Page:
Tens of thousands of Hydro-Québec customers lost power in southern Quebec Thursday afternoon as severe thunderstorms swept through certain regions with heavy rain, hail, strong winds and lightning.
Before the storm hit, Environment Canada had warned that a “very dangerous thunderstorm” capable of producing destructive wind gusts, hail and heavy rain was on the way.
“This is a dangerous and potentially life-threatening situation,” the warning said.
“Extremely large hail can smash windows, destroy property and vehicles and cause life-threatening injury. Widespread and extremely strong wind likes can destroy buildings with tornado-like damage, flatten large stands of trees and blow vehicles off the road.”
Other areas warned of a severe thunderstorm include Drummondville, Gatineau, Lachute, Lanaudière, Mauricie, Mont-Laurier and Quebec City.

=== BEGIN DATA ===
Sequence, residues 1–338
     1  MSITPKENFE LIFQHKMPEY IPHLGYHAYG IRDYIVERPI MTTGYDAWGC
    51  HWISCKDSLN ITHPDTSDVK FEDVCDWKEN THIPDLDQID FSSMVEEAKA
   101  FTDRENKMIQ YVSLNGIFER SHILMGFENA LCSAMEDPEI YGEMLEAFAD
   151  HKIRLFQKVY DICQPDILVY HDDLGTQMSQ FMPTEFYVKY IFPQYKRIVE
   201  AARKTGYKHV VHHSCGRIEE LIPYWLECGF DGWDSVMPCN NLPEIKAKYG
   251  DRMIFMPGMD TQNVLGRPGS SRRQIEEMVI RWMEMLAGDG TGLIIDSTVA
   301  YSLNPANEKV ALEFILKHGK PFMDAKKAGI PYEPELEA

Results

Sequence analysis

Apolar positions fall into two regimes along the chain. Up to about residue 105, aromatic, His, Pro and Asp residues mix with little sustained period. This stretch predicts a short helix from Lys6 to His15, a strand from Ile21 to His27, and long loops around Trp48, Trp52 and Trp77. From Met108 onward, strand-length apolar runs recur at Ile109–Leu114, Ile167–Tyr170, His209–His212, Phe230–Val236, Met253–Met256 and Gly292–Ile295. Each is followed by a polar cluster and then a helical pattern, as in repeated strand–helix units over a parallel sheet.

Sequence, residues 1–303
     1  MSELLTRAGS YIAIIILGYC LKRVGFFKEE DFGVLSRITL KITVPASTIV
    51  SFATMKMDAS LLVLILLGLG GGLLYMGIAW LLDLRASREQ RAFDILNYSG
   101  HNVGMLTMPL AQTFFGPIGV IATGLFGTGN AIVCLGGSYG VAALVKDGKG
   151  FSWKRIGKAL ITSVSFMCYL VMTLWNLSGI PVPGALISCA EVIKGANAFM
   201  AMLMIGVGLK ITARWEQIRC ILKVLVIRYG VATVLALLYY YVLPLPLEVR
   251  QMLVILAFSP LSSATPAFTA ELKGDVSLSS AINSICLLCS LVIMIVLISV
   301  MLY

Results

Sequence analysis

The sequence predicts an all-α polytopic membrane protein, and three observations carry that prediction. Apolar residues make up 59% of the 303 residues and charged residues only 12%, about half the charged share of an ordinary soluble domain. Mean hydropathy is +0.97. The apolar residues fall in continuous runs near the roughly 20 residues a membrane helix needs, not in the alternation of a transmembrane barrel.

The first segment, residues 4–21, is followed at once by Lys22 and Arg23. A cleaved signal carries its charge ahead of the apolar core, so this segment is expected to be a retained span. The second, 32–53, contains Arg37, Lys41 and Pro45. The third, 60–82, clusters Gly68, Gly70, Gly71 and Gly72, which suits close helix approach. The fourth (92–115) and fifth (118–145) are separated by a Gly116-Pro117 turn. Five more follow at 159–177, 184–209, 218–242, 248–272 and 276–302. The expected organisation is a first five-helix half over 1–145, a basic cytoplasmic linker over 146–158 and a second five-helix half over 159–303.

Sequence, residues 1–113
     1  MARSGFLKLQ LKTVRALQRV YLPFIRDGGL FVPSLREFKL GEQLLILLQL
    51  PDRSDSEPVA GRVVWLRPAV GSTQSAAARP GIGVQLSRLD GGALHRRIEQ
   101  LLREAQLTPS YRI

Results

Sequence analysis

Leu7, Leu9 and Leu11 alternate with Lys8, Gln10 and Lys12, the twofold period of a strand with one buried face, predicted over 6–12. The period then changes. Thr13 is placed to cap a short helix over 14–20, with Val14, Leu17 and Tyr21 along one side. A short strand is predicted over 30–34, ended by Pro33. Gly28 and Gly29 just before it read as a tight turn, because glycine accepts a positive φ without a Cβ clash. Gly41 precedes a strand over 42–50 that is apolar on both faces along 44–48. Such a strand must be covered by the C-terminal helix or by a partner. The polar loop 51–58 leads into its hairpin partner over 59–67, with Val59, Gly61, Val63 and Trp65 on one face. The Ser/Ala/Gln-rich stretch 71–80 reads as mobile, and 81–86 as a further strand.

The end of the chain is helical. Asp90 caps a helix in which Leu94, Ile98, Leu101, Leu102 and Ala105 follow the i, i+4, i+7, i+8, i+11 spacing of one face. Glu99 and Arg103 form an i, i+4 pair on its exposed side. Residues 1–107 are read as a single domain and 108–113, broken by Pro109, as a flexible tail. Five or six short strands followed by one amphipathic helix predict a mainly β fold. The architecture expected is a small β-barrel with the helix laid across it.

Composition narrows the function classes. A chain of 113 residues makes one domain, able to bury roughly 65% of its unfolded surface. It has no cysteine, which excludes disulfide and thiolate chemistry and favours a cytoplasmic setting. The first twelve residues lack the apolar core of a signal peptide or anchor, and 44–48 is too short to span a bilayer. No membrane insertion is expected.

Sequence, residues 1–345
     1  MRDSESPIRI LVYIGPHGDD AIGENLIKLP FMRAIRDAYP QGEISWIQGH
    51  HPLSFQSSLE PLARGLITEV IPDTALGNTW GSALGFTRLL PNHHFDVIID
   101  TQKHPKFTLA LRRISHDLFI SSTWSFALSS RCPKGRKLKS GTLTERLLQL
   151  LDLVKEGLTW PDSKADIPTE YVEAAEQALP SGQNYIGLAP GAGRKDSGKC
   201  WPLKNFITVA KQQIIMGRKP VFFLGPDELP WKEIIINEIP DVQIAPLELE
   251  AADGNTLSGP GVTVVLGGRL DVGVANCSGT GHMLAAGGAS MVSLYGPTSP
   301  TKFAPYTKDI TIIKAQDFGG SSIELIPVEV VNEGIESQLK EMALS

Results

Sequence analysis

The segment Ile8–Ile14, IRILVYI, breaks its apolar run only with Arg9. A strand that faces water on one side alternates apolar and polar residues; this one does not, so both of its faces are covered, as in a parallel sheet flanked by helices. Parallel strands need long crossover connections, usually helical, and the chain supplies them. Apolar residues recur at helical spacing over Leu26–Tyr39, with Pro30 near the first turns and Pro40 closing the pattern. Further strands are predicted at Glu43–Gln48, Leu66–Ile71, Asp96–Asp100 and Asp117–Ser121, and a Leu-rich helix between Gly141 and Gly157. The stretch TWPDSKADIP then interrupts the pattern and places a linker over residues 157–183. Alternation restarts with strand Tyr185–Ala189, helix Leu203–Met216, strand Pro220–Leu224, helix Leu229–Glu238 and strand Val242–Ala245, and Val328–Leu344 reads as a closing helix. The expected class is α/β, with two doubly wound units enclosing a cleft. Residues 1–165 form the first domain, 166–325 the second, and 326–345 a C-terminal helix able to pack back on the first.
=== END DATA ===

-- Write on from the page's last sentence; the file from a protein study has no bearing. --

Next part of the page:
By around 5 pm, some 34,000 Hydro-Québec customers were without power.
More than 13,000 of those customers were in the Laurentians, while some 8,000 were in Montreal and another 7,000 were on the city’s South Shore.
Montreal’s transit authority, the STM, said service on the Blue line of the Metro was interrupted termporarily between Snowdon and Saint-Michel stations due to water infiltration.
There was also potential for tornadoes in western Quebec and parts of the Laurentians and Lanaudière, Environment Canada announced.
Environment Canada put several areas under tornado watch, including both the Laurentians and Lanaudière regions — Mont-Tremblant, Lachute and Saint-Jérôme — and parts of western Quebec, around Pontiac and Gatineau.
If Environment Canada believes a tornado is likely to occur (or is occurring), it will upgrade to a tornado warning. Currently, it is only a tornado watch, which means a tornado is a possibility.
Sherbrooke & DuFort. Montréal. Video by my daughter Sophie. Manhole fountains in severe storm. pic.twitter.com/pZtC9g92DT
Thunderstorms bring the threat of lightning which kills and injures Canadians every year, Environment Canada says, and people are advised to seek shelter when they hear thunder.
The weather comes just weeks after a major storm battered parts of the province, causing wide-spread damage and leaving hundreds of thousands without power, especially in the Ottawa area.